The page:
michelle guaman

Photo Credit: Simon Goodacre

March 7, 2019

Abeer Pamuk | Graduate School of Arts and Sciences

Michelle Guaman, a master’s student at the Women’s, Gender and Sexuality Studies (WGSS) program, was drawn to the discipline because of her passion for women's reproductive health, education, and justice. She became interested in these topics shortly after reading Jeanne Flavin’s Our bodies, Our Crimes: The Policing of Women’s Reproduction in America as an undergraduate. “Flavin’s work made me realize that women’s reproductive rights not only entail abortion but encompasses other social issues such as domestic violence, women’s health (e.g. endometriosis and menstruation), and gender equality policies,” says Guaman. She decided that the WGSS program at Brandeis was the ideal place to pursue these interests.

Guaman was attracted to WGSS at Brandeis because of the interdisciplinary nature of the program, which enables her to take classes in other departments, such as Anthropology, English, and Sociology. “Given the diverse areas of study made available within the WGS program I knew I would be able to obtain both a comprehensive and challenging education filled with cross-disciplinary theories,” she says.

Since starting the program in August, Guaman has been diving into the field of sexuality studies, taking courses that explore the cultural and theoretical aspects of sex and sexuality within a global context. For her thesis topic, Guaman hopes to engage in a cross-cultural examination of how culturally enforced messages of menstruation are embedded within advertisements and what their effects are, if any, on young girls and their body image. She has been able to create cross-disciplinary dialogue when writing her academic papers for her classes. “For example, when I engage in menstrual research, I not only examine menstrual discourses within a WGSS theoretical framework but also explore how the social and cultural interpretations of menstruation are discussed with the field of Sociology and English,” she says.

Guaman’s favorite aspect of the program has been her peers in the program. Starting with orientation, WGSS has brought together a cohort with diverse backgrounds who are drawn together by their love of the field. “This connection has been further solidified by the endless hours we can spend talking about cookies, class, theorists, and coffee, while sitting in the big comfy blue coach in the WGS lounge,” says Guaman. “I am so thankful to have such an incredible cohort.”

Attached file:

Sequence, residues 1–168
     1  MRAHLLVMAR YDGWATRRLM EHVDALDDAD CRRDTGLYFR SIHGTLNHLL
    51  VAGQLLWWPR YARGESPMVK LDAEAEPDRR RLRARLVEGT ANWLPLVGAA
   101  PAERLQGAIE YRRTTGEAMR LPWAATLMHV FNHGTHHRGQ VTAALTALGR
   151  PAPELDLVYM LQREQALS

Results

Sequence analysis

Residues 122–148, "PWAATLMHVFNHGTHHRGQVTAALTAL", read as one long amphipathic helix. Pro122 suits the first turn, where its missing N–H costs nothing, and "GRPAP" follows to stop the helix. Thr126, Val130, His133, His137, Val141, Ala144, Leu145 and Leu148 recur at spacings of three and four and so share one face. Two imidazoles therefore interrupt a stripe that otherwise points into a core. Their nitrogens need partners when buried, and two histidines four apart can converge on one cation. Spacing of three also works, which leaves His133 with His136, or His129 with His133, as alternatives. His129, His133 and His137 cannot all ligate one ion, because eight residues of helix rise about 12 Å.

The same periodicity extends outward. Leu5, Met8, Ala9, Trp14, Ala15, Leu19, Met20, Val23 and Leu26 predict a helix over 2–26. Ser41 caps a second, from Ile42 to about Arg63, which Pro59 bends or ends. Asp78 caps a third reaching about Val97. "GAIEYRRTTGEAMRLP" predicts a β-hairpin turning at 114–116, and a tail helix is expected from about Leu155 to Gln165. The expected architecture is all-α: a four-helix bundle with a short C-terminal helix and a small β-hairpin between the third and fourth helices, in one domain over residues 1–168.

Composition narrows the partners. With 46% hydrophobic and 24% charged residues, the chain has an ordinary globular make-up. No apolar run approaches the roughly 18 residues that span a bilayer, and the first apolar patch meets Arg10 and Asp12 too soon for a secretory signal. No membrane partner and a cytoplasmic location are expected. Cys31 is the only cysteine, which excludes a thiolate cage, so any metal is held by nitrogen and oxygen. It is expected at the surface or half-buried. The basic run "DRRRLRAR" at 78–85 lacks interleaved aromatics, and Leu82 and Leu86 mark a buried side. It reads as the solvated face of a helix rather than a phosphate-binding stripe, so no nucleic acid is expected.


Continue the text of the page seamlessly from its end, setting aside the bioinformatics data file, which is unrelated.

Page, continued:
In addition to learning from her peers, Guaman is surrounded by faculty members who have “been incredibly warm and welcoming from the start.” Professor Sara Shostak, who teaches “Sociology of Body and Health,” has emerged as one of Guaman’s mentors on campus. Ever since she told the professor about her academic interest in the field of menstrual studies, Shostak has provided Guaman with all the support and guidance she needed to continue her research within this field. “You can always rest assured that you’ll have someone to turn to and guide you through your academic journey,” she says.

After Brandeis, Guaman hopes to engage with young girls to promote, expand, and reinforce gender equality policies that focus on women’s reproductive rights. She hopes to help create educative programs that teach girls about menarche while promoting positive sexual and reproductive health education. She encourages people interested in the field of Gender Studies to go for it. “It is an incredibly diverse field of study that will always challenge your beliefs, ideologies, and overall understanding of the world,” she says. “You develop the ability to see the world through a critical intersectional lens that not only allows you to develop a holistic understanding of the world, other cultures and people, but of your own identity. Furthermore, it’s a field that really enables you to become a social justice leader!”